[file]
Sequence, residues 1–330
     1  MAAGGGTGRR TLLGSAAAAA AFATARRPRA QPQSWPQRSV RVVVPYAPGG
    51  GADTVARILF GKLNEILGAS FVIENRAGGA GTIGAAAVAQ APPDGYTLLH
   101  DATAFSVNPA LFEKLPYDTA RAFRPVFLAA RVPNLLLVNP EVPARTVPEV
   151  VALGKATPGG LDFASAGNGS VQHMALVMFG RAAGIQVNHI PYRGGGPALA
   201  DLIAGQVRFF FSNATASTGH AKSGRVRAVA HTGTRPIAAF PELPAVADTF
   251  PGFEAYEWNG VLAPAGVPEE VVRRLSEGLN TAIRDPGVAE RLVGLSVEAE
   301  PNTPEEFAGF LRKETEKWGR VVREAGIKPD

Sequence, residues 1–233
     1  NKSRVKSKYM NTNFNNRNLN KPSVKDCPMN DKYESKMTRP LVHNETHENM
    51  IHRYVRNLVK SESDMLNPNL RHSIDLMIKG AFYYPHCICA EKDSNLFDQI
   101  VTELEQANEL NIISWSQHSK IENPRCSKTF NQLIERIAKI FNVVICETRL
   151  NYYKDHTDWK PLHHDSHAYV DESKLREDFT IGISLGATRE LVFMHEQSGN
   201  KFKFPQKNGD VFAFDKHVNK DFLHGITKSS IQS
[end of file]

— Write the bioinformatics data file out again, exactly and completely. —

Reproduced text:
Sequence, residues 1–330
     1  MAAGGGTGRR TLLGSAAAAA AFATARRPRA QPQSWPQRSV RVVVPYAPGG
    51  GADTVARILF GKLNEILGAS FVIENRAGGA GTIGAAAVAQ APPDGYTLLH
   101  DATAFSVNPA LFEKLPYDTA RAFRPVFLAA RVPNLLLVNP EVPARTVPEV
   151  VALGKATPGG LDFASAGNGS VQHMALVMFG RAAGIQVNHI PYRGGGPALA
   201  DLIAGQVRFF FSNATASTGH AKSGRVRAVA HTGTRPIAAF PELPAVADTF
   251  PGFEAYEWNG VLAPAGVPEE VVRRLSEGLN TAIRDPGVAE RLVGLSVEAE
   301  PNTPEEFAGF LRKETEKWGR VVREAGIKPD

Sequence, residues 1–233
     1  NKSRVKSKYM NTNFNNRNLN KPSVKDCPMN DKYESKMTRP LVHNETHENM
    51  IHRYVRNLVK SESDMLNPNL RHSIDLMIKG AFYYPHCICA EKDSNLFDQI
   101  VTELEQANEL NIISWSQHSK IENPRCSKTF NQLIERIAKI FNVVICETRL
   151  NYYKDHTDWK PLHHDSHAYV DESKLREDFT IGISLGATRE LVFMHEQSGN
   201  KFKFPQKNGD VFAFDKHVNK DFLHGITKSS IQS